According to Mencap, there are estimated to be 1.5 million people who currently have a learning disability. Around 2% of the UK population.
Although in stark contrast, the numbers known to learning disability services in the UK is only 240,000 people.
Due to the varying severity of all cognitive impairments, it’s difficult to find accurate numbers detailing the total number of UK people with them. Here are a few stats that may help:
- There are roughly 500,000 people with age-related cognitive impairments
- Roughly 1 in 10 people have some degree of dyslexia
- ADHD affects 3-5% of children, and 2% of adults (PDF Download)
How can we make our digital services more accessible to those with cognitive impairments?
With the estimated number of individuals with cognitive impairments so high, and the varying levels of severity, it can be difficult to cater for everyone.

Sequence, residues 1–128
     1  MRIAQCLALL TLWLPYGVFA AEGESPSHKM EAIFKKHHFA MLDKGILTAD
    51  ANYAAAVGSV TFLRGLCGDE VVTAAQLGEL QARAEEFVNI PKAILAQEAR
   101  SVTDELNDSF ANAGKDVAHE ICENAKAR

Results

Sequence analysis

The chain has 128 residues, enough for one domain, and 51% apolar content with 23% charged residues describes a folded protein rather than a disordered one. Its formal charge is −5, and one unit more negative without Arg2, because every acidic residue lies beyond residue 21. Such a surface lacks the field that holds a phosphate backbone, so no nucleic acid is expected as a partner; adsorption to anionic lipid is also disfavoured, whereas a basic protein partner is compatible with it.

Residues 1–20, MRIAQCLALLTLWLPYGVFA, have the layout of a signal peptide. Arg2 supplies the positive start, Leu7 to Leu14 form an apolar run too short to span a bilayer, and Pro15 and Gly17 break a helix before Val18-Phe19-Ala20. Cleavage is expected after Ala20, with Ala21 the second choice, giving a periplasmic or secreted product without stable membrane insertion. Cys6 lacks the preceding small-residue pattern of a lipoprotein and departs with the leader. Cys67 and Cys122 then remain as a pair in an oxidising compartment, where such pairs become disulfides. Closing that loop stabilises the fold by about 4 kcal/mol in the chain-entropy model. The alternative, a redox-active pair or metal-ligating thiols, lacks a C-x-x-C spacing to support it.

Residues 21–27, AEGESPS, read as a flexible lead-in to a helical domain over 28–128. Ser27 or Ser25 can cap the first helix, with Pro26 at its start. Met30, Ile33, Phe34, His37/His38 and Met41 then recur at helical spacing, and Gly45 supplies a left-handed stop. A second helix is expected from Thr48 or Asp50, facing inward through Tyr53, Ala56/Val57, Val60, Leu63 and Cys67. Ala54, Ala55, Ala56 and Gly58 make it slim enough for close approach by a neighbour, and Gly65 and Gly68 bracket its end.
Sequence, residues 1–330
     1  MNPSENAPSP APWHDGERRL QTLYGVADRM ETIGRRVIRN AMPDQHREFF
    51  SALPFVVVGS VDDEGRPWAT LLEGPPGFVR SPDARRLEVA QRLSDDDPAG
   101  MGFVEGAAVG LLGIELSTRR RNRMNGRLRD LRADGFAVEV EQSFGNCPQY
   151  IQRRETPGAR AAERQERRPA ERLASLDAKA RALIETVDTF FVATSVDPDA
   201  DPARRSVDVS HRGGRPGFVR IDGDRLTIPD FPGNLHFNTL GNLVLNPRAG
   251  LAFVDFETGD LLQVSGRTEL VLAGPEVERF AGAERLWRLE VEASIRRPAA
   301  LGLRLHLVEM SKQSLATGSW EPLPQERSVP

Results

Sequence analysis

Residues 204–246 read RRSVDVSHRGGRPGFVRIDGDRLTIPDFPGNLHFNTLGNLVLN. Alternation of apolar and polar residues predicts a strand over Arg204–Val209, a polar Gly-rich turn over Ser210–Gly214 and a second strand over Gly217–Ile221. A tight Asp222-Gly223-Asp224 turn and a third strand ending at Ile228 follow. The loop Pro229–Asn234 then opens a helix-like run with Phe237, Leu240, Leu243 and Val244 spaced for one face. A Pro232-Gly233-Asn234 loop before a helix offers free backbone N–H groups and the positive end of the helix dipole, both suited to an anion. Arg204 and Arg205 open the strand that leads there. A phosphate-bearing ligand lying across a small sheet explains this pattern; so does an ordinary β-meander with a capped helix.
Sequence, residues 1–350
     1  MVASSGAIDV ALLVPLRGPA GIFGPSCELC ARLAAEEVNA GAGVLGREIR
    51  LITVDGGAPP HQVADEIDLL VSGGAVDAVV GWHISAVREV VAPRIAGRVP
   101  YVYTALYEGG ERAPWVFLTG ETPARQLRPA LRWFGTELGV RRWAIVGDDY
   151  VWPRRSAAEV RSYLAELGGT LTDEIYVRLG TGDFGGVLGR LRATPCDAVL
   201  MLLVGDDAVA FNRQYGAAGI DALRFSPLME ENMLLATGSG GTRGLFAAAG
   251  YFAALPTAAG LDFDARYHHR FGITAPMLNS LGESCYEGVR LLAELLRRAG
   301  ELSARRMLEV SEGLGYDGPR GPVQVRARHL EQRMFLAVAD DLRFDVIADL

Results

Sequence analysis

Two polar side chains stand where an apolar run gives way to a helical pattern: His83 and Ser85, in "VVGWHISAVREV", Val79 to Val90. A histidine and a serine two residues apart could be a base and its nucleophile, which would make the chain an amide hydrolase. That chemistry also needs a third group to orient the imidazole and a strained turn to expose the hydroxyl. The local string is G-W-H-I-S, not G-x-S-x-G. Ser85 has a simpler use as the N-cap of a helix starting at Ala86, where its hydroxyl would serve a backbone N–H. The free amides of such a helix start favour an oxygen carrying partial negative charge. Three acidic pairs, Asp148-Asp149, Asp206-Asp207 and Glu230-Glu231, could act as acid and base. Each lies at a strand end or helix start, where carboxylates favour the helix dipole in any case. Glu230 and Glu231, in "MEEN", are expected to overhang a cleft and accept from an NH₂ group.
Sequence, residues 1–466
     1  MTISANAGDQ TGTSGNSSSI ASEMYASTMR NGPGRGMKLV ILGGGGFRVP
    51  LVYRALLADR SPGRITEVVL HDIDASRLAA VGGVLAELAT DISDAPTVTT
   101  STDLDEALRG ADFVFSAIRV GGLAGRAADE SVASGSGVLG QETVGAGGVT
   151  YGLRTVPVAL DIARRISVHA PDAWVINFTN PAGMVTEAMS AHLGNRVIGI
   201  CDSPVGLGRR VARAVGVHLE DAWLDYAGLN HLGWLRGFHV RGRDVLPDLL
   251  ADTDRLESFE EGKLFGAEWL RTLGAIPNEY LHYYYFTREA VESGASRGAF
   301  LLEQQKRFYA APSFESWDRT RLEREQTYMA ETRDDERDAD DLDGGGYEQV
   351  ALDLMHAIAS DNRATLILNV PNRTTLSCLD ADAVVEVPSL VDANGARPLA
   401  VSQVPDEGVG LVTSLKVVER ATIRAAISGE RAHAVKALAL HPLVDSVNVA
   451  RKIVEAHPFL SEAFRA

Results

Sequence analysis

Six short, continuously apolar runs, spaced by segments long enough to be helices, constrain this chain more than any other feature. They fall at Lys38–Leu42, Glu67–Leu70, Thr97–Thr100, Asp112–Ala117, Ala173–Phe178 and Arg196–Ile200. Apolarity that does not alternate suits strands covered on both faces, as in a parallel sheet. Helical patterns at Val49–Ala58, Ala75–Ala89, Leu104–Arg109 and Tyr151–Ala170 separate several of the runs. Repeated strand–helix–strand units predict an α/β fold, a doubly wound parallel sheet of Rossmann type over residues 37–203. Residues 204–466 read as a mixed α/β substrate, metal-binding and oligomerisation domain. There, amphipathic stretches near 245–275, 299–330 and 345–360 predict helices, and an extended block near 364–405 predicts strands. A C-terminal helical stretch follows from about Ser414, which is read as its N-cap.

When creating digital services, like websites or mobile apps, it’s essential you’re considering everyone. When users have varying needs, that can be challenging. But there are a number of best practices out there that you can follow.
Implementing this advice into your digital service will help include those who have cognitive impairments
Use easy and short words
When creating written information, choose easy and short words. It’s essential to not use complex terminology. Write for the reading comprehension of a 9-year-old. This helps your content reach the most users. Web Content Accessibility Guidelines state “using the clearest and simplest language appropriate is highly desirable”.
“buy” not “purchase”
“about” not “approximately”
Avoid jargon and buzzwords.
Jargon and buzzwords are to be avoided. Using these within written text can lead to misinterpretation. Both are difficult to understand and can lead to confusion.